Improving Sleep Patterns During Recovery
Does your teen have a habit of staying up at night? Are they losing sleep to distractions like social media or computer games? Are you suffering from sleep deprivation? Do you worry that a loved one’s substance use contributes to their lack of sleep? Although we all know that our bodies need enough sleep to stay healthy, more and more people (especially young adults) are skipping hours of sleep these days.
For those who struggle with substance abuse, sleep deprivation and addiction can form a vicious cycle — they increase the likelihood of each other’s occurrence, locking individuals into dependence on both. Scientists have found that sleep disturbance has been a universal risk factor for relapse among recovering individuals.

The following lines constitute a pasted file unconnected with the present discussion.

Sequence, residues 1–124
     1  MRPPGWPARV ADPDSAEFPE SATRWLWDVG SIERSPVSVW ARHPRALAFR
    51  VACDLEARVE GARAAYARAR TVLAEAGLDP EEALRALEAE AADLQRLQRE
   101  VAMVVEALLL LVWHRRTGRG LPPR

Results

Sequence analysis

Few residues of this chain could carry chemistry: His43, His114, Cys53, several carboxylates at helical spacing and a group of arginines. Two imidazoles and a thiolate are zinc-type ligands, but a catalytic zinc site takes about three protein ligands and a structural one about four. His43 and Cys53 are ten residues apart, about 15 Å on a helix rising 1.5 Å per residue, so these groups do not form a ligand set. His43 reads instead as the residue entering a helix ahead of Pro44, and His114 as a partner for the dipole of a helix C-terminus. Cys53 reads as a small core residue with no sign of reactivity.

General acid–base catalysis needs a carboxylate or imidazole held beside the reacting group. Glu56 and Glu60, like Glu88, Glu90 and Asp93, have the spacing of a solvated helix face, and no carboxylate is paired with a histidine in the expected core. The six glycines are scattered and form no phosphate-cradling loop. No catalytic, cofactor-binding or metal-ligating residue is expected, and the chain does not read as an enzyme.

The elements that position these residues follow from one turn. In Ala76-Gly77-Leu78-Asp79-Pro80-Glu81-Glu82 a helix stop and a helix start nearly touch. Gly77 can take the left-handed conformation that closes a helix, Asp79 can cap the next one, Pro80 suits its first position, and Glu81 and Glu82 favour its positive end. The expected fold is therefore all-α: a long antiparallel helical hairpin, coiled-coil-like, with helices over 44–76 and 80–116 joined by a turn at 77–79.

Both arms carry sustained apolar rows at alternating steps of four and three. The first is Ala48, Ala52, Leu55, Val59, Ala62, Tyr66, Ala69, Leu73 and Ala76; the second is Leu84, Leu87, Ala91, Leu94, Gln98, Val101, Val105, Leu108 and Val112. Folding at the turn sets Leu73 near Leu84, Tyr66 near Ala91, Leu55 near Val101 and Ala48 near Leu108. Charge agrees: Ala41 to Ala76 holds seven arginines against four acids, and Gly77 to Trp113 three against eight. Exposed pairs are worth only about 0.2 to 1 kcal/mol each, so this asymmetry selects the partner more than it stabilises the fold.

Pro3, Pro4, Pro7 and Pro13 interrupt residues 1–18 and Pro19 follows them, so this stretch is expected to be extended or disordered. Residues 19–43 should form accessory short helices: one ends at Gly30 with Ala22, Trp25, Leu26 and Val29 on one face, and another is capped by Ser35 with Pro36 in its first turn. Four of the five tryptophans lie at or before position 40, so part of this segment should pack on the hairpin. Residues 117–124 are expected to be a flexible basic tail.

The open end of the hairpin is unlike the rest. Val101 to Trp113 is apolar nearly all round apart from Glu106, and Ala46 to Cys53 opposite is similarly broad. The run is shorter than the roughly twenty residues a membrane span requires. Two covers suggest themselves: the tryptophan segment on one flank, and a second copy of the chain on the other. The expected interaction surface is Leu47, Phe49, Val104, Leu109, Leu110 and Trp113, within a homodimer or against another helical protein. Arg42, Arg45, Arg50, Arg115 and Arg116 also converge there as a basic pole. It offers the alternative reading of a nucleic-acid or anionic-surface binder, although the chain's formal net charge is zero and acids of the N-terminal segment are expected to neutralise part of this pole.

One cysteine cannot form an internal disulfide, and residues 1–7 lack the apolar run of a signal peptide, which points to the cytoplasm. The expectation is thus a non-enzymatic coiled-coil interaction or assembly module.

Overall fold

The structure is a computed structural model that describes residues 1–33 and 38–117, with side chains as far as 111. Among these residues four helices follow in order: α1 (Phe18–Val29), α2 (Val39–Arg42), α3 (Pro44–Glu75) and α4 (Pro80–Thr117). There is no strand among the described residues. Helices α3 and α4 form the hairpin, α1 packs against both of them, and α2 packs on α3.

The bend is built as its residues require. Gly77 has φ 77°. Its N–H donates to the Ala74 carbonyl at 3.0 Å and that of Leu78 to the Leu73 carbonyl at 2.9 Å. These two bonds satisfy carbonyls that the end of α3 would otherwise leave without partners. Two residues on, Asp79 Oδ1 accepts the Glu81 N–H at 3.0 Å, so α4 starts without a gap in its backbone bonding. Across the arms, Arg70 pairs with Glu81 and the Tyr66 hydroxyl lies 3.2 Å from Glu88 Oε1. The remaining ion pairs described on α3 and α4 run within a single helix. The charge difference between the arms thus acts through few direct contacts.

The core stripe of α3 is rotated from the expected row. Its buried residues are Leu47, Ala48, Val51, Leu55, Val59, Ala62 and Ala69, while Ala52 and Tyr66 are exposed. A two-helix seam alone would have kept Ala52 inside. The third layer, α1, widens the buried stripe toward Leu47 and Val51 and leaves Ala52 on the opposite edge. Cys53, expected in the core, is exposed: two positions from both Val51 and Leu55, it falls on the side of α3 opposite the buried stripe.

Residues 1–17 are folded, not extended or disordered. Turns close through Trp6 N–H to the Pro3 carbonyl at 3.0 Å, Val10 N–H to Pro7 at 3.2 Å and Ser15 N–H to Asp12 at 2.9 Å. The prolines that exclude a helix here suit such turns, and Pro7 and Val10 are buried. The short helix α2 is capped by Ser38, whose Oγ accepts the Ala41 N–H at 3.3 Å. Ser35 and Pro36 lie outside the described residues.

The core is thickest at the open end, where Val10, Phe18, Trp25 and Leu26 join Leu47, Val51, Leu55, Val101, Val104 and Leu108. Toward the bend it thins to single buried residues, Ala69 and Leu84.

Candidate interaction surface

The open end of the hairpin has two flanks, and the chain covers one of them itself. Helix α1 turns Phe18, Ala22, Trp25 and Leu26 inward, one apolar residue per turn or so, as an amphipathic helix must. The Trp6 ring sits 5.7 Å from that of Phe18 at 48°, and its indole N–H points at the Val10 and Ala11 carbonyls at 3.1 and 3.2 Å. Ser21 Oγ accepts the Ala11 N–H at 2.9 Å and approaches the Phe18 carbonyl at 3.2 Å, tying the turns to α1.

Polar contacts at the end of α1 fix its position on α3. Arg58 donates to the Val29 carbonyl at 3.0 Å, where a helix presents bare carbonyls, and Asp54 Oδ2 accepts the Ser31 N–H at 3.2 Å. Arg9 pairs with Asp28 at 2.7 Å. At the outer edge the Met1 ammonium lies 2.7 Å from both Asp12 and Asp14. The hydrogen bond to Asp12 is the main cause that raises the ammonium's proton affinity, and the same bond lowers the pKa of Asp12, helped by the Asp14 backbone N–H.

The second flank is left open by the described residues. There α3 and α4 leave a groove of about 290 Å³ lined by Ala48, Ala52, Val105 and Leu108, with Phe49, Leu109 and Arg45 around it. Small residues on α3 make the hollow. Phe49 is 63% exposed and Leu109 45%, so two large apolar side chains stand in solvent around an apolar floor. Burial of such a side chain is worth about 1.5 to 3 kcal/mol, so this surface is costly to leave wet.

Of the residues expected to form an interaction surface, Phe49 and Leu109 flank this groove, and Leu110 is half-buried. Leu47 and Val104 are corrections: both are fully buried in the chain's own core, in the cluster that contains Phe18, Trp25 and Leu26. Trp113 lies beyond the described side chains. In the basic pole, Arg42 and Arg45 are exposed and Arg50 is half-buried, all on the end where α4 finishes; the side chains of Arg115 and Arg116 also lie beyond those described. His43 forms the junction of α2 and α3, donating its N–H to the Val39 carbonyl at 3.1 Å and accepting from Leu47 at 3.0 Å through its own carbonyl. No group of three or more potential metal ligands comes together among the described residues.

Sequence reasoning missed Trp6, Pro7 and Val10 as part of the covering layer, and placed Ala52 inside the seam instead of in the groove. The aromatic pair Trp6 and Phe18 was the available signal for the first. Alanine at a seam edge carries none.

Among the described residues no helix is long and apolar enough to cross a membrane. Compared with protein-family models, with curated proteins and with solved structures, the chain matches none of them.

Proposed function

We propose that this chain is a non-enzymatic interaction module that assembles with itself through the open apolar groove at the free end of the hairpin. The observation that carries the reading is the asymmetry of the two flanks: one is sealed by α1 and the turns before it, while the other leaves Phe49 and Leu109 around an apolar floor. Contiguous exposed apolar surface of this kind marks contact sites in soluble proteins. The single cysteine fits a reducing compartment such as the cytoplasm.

The Vicious Cycle of Sleep Deprivation and Addiction
Among young people, sleep deprivation can be intentional. A young adult might underestimate the harm of sleep deprivation, thinking that their young body can handle it. Today’s cultural norms of overworking also affect young professionals in similar ways. Overworking and staying up at night have become a disturbing new trend. Some even name sleep deprivation as one kind of addiction. The truth is, our body needs to live according to a healthy, natural rhythm. We need to not interfere with the forces of nature but go along with them. Intentional sleep deprivation is an unhealthy habit that goes against the body’s natural rhythm.